Prominent Yellow Vest protester in court for organising illegal demonstrations
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Eric Drouet, accused of organising unauthorised protests, was in court Friday, with prosecutors asking for a suspended one month prison term and a 500 euro fine. His lawyer says the case against his client is politically motivated.
Drouet is accused of calling for a demonstration in the Montmartre neighbourhood of Paris on 22 December 2018 and another one on 2 January 2019 in Versailles, without asking for or receiving authorisation from the police.
Drouet told the court that he is not a leader or an organiser of the Yellow Vests.
“I am just a transmitter of information,” he told court. The 34-year-old truck driver has emerged as one of the figureheads of the anti-government protest movement, which has no leader.
The prosecutor argued that Drouet was the organiser of the demonstration, and read messages in court that Drouet sent to police saying they would be informed at the last minute of the location of the demonstrations.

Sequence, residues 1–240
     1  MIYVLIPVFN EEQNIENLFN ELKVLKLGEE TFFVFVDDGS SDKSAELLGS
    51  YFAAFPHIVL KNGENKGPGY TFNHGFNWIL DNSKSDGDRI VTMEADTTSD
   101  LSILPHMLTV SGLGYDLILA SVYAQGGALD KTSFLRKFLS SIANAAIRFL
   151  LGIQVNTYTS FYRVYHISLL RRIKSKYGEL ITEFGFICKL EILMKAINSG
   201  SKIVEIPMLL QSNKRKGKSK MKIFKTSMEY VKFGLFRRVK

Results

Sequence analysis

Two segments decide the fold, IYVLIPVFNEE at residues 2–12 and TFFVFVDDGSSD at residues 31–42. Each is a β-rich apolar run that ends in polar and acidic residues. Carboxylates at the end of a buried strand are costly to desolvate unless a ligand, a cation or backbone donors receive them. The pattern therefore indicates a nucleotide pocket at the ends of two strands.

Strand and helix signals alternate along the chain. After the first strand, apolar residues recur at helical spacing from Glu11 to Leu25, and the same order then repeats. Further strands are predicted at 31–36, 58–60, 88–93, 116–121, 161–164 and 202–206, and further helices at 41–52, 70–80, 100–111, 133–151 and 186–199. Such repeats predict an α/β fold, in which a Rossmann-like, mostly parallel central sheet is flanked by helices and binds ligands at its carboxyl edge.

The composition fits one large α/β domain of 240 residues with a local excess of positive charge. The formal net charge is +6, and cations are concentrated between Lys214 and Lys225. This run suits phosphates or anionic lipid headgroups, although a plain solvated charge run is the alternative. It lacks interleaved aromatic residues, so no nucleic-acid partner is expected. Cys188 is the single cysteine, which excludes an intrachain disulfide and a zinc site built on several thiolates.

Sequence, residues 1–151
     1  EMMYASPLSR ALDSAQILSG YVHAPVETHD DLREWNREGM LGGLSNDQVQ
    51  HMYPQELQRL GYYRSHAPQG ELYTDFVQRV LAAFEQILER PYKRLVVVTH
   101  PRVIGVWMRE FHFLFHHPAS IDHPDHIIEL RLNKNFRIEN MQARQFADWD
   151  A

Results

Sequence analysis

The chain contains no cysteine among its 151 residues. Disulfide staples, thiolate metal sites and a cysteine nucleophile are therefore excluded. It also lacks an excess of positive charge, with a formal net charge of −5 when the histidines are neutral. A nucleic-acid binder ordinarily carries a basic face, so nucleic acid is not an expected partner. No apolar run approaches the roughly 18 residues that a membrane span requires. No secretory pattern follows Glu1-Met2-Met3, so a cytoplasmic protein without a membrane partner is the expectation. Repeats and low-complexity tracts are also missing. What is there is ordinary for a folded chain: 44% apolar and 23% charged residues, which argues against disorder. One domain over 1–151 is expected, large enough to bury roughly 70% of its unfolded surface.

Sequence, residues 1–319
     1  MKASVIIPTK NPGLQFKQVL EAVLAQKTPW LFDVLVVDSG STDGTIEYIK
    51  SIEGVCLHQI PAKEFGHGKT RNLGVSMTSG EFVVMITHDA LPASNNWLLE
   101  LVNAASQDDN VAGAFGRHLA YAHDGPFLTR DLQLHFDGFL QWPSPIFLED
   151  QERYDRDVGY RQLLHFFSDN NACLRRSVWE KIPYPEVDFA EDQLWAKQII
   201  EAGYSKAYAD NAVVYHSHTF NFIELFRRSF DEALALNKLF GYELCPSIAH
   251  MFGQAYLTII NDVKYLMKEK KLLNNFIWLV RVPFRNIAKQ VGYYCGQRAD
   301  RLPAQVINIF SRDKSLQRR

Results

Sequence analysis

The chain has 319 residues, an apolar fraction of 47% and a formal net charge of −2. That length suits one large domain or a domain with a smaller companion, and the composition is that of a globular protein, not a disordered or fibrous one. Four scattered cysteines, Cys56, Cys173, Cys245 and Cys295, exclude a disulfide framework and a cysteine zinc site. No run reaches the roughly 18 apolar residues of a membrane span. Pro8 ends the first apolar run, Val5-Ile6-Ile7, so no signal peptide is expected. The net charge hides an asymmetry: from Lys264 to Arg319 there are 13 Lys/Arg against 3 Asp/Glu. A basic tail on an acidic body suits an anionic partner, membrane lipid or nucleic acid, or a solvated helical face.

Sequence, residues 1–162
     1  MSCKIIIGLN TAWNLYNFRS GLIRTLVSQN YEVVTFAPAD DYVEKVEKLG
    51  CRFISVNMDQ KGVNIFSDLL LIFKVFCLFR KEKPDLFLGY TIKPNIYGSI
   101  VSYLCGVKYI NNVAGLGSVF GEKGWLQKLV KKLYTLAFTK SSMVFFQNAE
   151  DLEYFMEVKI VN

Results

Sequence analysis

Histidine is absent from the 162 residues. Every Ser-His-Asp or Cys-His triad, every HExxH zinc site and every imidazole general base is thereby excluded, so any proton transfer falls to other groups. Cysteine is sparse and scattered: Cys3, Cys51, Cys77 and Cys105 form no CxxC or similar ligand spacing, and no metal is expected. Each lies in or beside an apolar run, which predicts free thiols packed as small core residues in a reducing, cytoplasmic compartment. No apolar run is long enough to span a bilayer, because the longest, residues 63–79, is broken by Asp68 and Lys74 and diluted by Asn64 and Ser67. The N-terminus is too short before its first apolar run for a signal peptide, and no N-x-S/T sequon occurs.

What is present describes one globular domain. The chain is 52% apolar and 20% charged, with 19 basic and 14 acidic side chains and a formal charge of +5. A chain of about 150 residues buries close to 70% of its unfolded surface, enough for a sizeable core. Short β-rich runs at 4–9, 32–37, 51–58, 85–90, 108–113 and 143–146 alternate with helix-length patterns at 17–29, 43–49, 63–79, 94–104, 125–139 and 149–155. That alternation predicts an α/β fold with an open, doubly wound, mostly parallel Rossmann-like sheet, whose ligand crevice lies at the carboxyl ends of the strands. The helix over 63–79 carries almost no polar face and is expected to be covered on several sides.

The prosecutor recognised that the demonstrations in question aimed to be peaceful, but argued that declaring them allows for law enforcement to make sure they go ahead peacefully.
Drouet’s lawyer insists that the case is aimed at breaking the Yellow Vest movement.
“This is clearly a political case,” Kheops Lara told the court, adding that the prosecutors are painting Drouet as a lead figure in the movement, and that the court is being asked to convict him for that reason.
“The police is being used, and you too, to quash a major social movement”, he said, addressing the court.
Drouet could face up to six months in prison and a 7,500 euro fine, though the prosecutors have asked for less. A ruling is expected on 29 March.